We might be in the midst of a digital revolution right now, but the digital wave isn’t as all-encompassing as it seems. Take, for instance, the recent trend as seen among publishers in the UK who reported a rise in sales of its print publications in spite of the digital versions selling well. Publications like Toxic or Girl Talk Art, for boys and girls, respectively, have reported a positive increase of their print versions. That tallies well with the findings of a survey conducted a few weeks ago in which it was reported that a majority (88 percent) of British readers still prefer reading a print magazine to digital edition on an electronic device such as the tablet, smartphone, or even the PC. Parents, too, seem more comfortable with the idea of their children reading a print version rather than the virtual edition.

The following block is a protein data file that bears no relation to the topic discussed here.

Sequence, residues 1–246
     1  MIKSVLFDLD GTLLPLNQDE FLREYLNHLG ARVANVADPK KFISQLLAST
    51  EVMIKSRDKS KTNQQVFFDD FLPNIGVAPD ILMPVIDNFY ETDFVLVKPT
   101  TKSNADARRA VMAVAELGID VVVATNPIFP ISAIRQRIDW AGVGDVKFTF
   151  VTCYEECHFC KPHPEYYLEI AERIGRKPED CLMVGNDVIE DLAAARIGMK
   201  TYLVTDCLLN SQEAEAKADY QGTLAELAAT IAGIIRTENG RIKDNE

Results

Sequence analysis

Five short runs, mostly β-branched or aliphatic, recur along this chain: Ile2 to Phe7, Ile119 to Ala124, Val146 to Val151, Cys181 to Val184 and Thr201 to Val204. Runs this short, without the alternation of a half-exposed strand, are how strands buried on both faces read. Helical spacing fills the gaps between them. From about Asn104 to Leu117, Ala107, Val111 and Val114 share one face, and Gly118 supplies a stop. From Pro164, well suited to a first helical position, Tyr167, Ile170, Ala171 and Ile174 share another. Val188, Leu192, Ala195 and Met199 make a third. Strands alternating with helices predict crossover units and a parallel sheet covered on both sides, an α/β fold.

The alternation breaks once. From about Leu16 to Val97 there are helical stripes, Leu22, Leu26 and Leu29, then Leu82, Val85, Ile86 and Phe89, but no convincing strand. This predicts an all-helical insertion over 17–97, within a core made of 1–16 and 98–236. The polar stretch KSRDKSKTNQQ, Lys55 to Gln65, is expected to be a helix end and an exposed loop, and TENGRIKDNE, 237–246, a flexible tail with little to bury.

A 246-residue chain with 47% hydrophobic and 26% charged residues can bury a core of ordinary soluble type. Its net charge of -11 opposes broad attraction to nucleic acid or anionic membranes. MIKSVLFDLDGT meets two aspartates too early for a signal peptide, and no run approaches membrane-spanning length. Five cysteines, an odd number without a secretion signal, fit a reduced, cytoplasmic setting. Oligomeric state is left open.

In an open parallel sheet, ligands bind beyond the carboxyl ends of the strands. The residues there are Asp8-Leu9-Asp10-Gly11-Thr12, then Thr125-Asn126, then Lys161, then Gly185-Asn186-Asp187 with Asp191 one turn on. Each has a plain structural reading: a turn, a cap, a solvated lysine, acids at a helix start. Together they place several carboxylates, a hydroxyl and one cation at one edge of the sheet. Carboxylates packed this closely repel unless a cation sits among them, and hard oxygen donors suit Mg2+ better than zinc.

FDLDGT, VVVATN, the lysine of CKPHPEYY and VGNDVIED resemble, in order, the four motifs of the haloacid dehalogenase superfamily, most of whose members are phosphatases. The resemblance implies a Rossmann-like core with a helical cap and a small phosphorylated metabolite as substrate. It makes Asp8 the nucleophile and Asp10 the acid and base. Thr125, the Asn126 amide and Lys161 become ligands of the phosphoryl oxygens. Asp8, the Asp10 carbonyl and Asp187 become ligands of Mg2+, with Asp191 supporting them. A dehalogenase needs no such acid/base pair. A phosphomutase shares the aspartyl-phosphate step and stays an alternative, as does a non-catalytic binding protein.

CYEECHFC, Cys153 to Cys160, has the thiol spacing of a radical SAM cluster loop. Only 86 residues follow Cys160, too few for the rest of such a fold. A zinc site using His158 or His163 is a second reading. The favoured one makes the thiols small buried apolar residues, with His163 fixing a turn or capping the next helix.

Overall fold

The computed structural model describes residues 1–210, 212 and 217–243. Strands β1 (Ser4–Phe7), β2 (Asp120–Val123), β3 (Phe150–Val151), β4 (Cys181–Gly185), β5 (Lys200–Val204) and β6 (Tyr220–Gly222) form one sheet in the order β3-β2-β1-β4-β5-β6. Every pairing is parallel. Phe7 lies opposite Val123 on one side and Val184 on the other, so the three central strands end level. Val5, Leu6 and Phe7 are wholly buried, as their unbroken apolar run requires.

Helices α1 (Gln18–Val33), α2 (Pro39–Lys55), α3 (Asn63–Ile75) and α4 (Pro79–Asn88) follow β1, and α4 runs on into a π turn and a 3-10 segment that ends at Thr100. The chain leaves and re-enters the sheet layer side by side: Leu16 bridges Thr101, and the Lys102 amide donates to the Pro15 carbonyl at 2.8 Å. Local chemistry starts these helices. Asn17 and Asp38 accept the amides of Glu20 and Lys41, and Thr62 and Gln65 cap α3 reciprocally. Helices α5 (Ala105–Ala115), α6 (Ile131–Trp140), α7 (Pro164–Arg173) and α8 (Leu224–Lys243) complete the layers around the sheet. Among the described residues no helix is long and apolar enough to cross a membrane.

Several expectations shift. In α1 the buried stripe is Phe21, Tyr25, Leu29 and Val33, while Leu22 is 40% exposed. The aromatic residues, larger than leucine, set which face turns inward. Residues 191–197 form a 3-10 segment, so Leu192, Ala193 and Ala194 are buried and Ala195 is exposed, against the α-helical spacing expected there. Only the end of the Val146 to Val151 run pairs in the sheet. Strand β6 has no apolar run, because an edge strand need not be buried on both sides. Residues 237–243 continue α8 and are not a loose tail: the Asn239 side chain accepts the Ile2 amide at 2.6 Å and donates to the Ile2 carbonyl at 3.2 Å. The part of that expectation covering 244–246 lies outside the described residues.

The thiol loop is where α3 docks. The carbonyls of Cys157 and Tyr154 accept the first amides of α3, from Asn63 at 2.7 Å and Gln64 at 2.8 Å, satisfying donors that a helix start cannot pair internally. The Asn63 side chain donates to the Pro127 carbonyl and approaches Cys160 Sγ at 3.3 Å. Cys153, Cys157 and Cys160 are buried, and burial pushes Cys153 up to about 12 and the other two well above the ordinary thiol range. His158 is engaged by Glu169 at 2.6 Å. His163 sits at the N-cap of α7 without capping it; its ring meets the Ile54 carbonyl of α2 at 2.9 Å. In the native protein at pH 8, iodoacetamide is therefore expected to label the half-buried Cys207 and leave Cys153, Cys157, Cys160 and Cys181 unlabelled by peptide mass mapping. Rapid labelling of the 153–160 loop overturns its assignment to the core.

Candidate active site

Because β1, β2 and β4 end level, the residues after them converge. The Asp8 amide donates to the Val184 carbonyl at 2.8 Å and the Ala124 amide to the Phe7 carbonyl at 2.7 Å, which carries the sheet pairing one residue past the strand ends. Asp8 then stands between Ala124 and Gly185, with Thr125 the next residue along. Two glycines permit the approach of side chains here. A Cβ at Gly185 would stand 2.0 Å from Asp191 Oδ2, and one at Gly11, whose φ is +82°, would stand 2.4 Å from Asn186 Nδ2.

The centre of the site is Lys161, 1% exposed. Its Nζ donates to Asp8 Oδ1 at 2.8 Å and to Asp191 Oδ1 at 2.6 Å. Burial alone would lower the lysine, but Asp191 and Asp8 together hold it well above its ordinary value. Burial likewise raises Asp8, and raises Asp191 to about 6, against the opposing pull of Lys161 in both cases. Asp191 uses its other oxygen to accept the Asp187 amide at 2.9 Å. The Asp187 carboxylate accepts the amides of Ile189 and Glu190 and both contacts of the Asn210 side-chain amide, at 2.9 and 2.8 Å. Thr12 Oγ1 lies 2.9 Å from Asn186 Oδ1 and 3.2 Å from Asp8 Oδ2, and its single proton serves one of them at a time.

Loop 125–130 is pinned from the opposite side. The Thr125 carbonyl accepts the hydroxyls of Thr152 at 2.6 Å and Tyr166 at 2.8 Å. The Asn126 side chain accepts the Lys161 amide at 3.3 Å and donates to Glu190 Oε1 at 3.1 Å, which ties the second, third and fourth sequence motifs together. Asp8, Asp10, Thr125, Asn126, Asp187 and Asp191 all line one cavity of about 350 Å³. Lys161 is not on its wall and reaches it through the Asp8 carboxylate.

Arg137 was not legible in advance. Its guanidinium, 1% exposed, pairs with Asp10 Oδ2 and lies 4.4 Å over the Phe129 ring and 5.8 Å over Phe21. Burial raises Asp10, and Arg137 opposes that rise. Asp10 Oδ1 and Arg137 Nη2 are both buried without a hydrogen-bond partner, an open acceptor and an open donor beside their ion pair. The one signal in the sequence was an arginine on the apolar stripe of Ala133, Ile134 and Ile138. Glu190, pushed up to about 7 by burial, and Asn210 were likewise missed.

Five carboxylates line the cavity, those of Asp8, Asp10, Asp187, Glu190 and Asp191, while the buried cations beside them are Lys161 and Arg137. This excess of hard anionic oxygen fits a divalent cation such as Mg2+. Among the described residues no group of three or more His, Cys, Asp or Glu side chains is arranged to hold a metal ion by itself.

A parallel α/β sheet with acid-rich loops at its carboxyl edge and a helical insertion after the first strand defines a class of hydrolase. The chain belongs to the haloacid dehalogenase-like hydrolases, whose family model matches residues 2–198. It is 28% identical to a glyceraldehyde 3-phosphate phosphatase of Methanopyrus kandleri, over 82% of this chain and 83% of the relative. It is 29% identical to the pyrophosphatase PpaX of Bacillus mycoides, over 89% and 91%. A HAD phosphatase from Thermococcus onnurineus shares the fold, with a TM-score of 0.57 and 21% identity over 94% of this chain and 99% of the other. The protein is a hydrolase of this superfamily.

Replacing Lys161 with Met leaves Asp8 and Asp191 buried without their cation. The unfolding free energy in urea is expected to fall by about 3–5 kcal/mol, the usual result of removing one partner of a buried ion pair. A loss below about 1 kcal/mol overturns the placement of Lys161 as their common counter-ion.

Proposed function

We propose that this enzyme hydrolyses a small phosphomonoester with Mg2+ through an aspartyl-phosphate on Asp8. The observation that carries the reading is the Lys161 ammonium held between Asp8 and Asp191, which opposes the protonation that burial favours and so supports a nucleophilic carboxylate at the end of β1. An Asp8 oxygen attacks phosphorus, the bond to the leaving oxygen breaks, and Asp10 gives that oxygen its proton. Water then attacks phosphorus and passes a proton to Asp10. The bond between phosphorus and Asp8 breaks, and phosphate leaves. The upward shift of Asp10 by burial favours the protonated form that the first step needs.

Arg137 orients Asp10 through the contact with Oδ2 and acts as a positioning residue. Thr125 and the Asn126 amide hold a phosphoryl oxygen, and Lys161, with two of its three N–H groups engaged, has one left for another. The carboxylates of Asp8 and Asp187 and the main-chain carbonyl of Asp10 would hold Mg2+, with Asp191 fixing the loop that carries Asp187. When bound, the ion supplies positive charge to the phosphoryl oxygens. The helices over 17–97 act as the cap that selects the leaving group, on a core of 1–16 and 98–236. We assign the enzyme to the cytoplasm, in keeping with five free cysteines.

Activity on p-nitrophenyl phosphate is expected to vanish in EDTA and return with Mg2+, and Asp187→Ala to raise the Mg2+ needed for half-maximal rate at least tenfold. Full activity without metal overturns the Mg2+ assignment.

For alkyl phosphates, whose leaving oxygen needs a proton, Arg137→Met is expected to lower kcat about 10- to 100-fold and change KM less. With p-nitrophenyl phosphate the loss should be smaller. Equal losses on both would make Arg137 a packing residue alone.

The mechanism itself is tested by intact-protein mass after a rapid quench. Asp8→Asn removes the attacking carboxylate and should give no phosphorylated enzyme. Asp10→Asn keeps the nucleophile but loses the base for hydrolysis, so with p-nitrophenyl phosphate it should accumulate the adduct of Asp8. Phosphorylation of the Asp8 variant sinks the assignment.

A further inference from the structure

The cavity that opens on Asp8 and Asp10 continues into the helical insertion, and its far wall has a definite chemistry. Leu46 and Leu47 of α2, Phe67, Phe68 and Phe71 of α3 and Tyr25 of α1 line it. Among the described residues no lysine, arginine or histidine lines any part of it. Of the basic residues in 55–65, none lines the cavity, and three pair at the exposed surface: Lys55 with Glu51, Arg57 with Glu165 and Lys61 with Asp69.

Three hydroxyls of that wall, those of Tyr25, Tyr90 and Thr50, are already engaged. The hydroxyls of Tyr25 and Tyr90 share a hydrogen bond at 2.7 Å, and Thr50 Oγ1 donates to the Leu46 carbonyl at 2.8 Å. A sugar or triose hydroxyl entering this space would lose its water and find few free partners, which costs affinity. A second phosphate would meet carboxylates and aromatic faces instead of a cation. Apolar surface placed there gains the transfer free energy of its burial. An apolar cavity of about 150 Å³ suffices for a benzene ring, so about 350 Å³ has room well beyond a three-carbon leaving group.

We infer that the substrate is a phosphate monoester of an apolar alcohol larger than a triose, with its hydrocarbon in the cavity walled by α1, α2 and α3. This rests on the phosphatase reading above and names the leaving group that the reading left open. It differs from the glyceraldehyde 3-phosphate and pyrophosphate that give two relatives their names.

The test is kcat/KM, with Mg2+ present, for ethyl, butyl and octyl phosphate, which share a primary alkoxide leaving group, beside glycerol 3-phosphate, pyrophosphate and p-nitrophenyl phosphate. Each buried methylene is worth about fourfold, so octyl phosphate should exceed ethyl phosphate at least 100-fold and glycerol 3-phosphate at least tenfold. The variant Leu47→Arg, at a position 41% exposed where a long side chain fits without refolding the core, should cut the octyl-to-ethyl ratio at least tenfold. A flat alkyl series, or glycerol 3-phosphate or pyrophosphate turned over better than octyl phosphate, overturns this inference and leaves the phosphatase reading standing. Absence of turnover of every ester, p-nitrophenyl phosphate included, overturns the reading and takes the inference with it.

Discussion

However, the two magazines mentioned above which cater to the kid community present a completely different picture than that of other publications. Some, such as Nuts and Zoo, have seen their circulation go down steadily in recent times in the face of digital versions making inroads among the reading community. In fact, with the rapid proliferation of smart- and mobile devices, readers have been showing an increasing preference for digital content the world over. While industry pundits have been quick to predict that the future belongs to digital, there are also those who seem to remain loyal to the print versions. The latter may make for a minority community compared to those who have switched to digital though the figure still is quite significant.